A Gender Thing: Women Investors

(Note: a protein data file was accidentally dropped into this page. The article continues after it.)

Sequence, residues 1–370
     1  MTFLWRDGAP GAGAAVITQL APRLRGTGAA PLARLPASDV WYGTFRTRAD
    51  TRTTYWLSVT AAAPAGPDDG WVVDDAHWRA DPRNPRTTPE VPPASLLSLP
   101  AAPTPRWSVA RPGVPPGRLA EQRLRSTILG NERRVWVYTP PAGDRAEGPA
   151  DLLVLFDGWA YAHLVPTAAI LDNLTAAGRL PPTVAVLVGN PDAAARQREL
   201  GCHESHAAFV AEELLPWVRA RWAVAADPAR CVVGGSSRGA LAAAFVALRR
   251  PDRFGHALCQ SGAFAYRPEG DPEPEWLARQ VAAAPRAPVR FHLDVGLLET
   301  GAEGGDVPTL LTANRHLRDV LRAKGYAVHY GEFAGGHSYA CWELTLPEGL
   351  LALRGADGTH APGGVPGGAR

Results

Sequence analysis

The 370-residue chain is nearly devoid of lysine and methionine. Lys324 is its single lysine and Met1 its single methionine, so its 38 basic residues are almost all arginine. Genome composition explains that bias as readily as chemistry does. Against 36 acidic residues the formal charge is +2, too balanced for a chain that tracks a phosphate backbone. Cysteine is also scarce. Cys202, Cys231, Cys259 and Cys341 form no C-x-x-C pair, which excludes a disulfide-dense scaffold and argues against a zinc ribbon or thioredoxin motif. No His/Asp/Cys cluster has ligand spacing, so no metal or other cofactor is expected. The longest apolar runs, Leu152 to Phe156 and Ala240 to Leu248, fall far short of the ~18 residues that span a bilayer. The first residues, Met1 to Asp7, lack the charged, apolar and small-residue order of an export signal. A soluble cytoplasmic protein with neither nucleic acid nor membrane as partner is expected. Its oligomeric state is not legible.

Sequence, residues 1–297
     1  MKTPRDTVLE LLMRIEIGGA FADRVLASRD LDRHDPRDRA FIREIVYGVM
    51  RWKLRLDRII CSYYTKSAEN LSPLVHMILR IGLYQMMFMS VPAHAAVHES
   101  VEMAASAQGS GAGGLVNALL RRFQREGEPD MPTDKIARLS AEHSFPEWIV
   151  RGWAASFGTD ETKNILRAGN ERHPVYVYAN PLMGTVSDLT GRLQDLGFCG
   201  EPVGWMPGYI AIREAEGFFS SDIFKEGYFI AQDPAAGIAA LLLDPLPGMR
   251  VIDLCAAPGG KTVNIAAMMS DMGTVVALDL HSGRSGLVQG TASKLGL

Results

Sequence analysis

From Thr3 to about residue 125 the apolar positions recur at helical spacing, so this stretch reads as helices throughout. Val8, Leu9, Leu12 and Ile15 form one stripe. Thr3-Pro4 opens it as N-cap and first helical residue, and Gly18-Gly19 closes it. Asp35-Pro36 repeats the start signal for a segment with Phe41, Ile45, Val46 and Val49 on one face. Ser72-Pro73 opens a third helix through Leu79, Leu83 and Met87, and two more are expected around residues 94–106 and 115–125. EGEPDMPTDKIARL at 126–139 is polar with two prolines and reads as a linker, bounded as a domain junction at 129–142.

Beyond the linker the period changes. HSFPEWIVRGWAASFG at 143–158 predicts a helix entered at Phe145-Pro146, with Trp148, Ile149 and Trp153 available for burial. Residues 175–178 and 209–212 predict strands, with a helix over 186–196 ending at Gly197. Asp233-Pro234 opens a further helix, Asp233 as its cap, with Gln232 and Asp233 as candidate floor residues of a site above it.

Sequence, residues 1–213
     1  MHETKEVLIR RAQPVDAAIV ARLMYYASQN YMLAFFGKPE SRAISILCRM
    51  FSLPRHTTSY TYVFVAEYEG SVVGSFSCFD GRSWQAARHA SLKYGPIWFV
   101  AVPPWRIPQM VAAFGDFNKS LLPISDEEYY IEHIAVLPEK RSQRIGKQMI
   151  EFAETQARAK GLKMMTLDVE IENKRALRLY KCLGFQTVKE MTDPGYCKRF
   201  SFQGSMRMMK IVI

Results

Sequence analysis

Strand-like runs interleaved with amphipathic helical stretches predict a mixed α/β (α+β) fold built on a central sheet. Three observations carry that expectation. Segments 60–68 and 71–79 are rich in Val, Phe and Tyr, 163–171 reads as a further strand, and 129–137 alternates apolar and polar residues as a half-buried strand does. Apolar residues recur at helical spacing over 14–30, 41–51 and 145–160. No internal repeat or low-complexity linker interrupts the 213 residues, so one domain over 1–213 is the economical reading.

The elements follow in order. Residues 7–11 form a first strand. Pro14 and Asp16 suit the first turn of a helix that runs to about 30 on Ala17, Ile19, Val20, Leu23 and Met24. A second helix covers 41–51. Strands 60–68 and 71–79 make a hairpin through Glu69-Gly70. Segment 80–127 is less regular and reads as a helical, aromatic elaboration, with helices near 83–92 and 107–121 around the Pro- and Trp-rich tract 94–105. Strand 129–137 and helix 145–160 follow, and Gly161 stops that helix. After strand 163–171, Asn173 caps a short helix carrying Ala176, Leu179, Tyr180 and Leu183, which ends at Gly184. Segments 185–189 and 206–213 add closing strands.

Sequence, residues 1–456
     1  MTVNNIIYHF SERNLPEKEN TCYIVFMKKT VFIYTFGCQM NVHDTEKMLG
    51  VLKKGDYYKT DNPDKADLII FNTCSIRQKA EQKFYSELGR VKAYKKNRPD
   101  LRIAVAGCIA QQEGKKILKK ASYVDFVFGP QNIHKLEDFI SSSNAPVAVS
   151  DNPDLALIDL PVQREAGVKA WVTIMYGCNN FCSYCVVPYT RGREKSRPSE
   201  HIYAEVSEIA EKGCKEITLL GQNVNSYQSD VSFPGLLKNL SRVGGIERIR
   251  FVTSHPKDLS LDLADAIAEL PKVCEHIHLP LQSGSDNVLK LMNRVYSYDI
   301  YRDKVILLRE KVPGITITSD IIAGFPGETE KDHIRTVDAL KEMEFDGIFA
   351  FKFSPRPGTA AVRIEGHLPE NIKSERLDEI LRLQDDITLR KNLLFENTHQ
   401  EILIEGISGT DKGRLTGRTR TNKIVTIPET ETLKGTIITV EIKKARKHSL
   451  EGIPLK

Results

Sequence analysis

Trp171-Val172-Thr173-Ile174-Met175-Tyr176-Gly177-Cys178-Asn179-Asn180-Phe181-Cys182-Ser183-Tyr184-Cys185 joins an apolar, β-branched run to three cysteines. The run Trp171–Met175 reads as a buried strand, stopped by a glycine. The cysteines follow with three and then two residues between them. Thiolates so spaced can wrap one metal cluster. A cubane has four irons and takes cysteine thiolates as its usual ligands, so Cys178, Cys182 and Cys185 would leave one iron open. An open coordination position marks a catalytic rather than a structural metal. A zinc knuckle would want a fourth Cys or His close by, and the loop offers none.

It's hard not to like Wall Street these days. With a phenomenal jump in stock prices in the past seven years, this is the longest running bull market in history. And the end isn't in sight yet. Sure, naysayers bite their nails and wait for the fat lady to sing, but investors just keep plowing money into the market.With everyone keen to take advantage of this long bull run, investment clubs are popping up all over the place. And women are some of the newest arrivals to the investment game.Cheryl Moore, 35, a mother of three, is the typical investment club member these days. She and a group of 14 other women gather together once a month at the Woodlake United Methodist Church to discuss the market, and to make investments. Pooling their money, group members pore over annual reports, investor guides and other tools of the trade. Each month the group invests almost $400 in the market. Their best showing so far is a 25 percent gain with a credit card company."We are a group of women of diverse ages and interests," says Moore. "Our members range from 35 to 70, and that's been a benefit because everyone has different investment needs and agendas." Moore's husband has little interest in Wall Street, so Moore manages the family portfolio. "I needed to be a bit more savvy," she says. "My husband is happy that I have this interest."Investment groups are a good place to learn how the stock market works. Most people consider the money they invest with an investment group to be something akin to "play" money, while they save the real big bucks for their own private portfolio. Still, the experience and fun people have in an investment group can ultimately bring big rewards.Investment groups got a boost several years ago when a group of women, calling themselves the Beardstown Ladies, published a book about their investment successes, "How We Beat the Stock Market -- And You Can, Too." The ladies, a group of inexperienced investors, chose stable, reliable companies to invest in, and reported an impressive 23 percent gain in their portfolio wealth.Pat Sullivan, a broker with Wheat First Butcher Singer, says women make good investors because they don't let their egos get in the way of a solid investment strategy. "When a woman is driving and she gets lost, she has no problem asking for directions," Sullivan says. "Well, it's the same with their investments.Women do not want to go forward and put their money on the line until they know that the investment is right for them."That kind of mentality, and the cautious, deliberate approach to investing that goes with it, usually serve female investors well. The market doesn't often reward jittery investors who try and "time" the market, often selling at the slightest hint of a downturn. Instead, the market benefits patient investors who stomach the natural ups and downs on Wall Street.Still, investment clubs do have their drawbacks, Sullivan says. "They have difficulty getting good research, and since the clubs usually deal with smaller amounts of money, the members often don't see a great deal of return." Sullivan says the clubs are a "good place for women to learn about the market, and to grow in confidence about investing." She agrees with Moore, however, that investment clu bs are no place to sink the family fortune.The first purchase for Moore's group was Motorola, and the stock quickly nosedived. "That was a big dose of reality, watching our stock slide like that," Moore says. But since that sudden tumble two years ago, the stock has rebounded and the group has recovered its initial investment. "In a sense, this is only play money," she says. "We take what we learn here and use that knowledge to create our own portfolios." Moore's group interviewed five brokers before deciding on one, a female broker. Only professional stock brokers can make trades on Wall Street. Joanne Cash has been a member of the Monday Money Club, a group of 17 female investors, for almost four years. Like Moore, Cash says she's in the market for the long haul. "We've done well," she says. "We had one technology stock that made us a lot of money." She says the group averages an 11 percent return on their investments each year. They did take a dive with Euro Disney, she says."We went a ll the way down on that one, but it's coming back." The Monday Money Club is in for the long haul, and rarely sells a stock. Like Moore's group, Cash's group uses investment magazines and guides to help them choose their stocks. "We're not trying to be experts in this," Moore concludes, "but simply better stewards of our money and our family's money. We don't see this as a get-rich-quick kind of thing." sidebar: USE BULLETSGetting StartedTalk to friends about starting an investment club. Usually, clubs are groups of people who have something in common, either a Saturday tennis game or a love of movies. If you don't have friends interested in starting a club, put a small notice in the paper and see if the response is good.Members must be required to pay dues, usually about $25 per month. This money is then invested in the market.Early on, the group should choose a stock broker to help organize their affairs. Only professional stock brokers can make trades on Wall Street.The group should immediately get on a number of mailing lists, including investment guides and financial magazines. Ask your broker about which mailing lists to get on.The smaller the group, the easier it is to get a consensus on which stocks to buy. Most investment groups require their members to go along with the group's decisions on which stocks to buy; the larger the group, the more difficult it can be to win consensus.Plan to meet at least once per month to go over the group's portfolio and investment strategy.